Wisdom from a writing workshop: plans, practices and places to go


On September 24th, I joined with a fellow tribe for a one-day workshop on writing techniques. The tribe: social scientists (PhD students and post-docs) with aspirations of writing longer pieces related to health and illness.

I’m writing to share what I learned.

Multiple pressures confront us. The juggle of two or three research projects running concurrently. A brain divided between managing research and putting pen to paper. The challenge of avoiding poor writing and reaching for our best voice.

To take on these challenges, we used the day to explore ideas and practices related to writing. Matt Lane (Post-Graduate Skills Training Officer for the University of Cambridge) led the morning session with interactive lectures and small group work, with the afternoon focused on our own individual writing projects within a group setting.

A few key pieces of wisdom emerged.

Planning to write

“In preparing for battle I have always found that plans are useless, but planning is indispensable.” – Dwight E. Eisenhower

Eisenhower’s view of battle is apt for writing. Many inputs go into writing a piece: finding a topic, defining a research strategy, executing the research itself and writing smaller, cumulative pieces. Yet taking the time to plan these inputs often escapes us. “Just write!”, says the self.

But a little planning can indeed be indispensable. Lane encouraged us to view our writing projects beyond the completion date: what does wild success look like? What are all the things that need to get done to achieve this success? And perhaps most importantly: what’s the next immediate action you can take? Making this process concrete seems obvious, but is often a step that writers skip.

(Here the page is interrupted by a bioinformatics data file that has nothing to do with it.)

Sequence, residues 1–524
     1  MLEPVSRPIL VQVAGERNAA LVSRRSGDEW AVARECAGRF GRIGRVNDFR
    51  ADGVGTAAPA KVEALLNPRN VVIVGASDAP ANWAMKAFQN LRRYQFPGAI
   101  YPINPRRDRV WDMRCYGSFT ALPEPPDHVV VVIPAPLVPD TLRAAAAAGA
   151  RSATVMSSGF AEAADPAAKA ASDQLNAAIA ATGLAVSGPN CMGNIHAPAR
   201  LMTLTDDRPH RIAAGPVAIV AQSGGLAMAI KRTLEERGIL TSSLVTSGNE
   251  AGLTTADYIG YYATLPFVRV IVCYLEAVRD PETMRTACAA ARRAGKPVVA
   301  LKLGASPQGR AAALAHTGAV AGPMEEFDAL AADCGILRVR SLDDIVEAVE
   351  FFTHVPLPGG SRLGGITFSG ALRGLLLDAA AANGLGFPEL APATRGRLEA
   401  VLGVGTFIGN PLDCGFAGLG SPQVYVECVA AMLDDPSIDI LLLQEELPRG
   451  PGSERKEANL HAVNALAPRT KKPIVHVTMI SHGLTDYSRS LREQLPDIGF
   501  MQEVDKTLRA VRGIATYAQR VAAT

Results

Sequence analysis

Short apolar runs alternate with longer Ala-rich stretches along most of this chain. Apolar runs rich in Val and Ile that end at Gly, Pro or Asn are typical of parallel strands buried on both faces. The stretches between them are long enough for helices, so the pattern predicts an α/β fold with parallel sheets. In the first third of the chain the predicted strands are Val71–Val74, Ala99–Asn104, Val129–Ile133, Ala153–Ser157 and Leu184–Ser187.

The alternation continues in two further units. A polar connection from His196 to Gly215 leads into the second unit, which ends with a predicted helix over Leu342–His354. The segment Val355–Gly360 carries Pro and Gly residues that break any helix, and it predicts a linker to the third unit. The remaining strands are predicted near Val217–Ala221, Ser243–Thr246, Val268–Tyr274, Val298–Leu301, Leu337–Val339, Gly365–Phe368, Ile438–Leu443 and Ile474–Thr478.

When it comes to finally composing a piece, Lane encouraged us to “write in layers”. Build the intellectual and rhetorical architecture, whether via an outline or topic and transition sentences. As we build the layers, Eisenhower’s voice returns: earlier plans for the piece often will get replaced with a new sense for direction. As the architecture of the argument and piece is built, attending to the body of paragraphs will come more naturally.

Practices for the moment

Before a run, I usually stretch for a few minutes. But just before starting to write, my usual thought is: let’s get started! Lane encouraged us to use “writing warm-ups” for 5-15 minutes just before digging into a writing project. A warm-up prompt could be what do I want to find out today? What did I learn yesterday? What was I thinking about in the shower or over breakfast? A few minutes of warming-up activates the brain. I’ve been trying this approach, and it’s been working!

The next practice on the list: time management. Often, when thinking about writing a longer piece, many of us imagine blocking out a week and large chunks of time during the day. But this perception can backfire. With the thought of large blocks of time, distractions more easily infiltrate the day. Uninterrupted sitting in front of the computer goes from minutes to hours. A long writing session might end with only a few minutes of real productivity. Instead, write in smaller chunks of time. Take a break after 45 minutes of focused attention. Set micro goals – completing a paragraph or section, for example – and have the discipline to walk away from the writing for a short break before returning to tackle the next goal.

Finally, in the afternoon, we tested “writing groups” to work on our individual projects. Writing in groups allows members to verbalise goals, hold each other accountable and act as a support group to work through road-blocks. While writing alone is the norm, having people around can make the process more fun and productive. I had one of my most productive afternoons of writing in weeks!

Places to go for more resources

Spending intentional time to reflect on writing practices carries many benefits, such as figuring out new practices and habits worth trying out. The other benefit are the new resources that can be used for further exploration and learning. Here are a few places to go:

Check out a Cambridge writing group

How to Write a Thesis, Rowena Murray

The Craft of Research, Booth et al.

Getting Things Done, David Allen

For some inspiration, check out one of my favorite places to go: Brainpickings. Search for pieces on writing, and you’ll be sure to find many gems.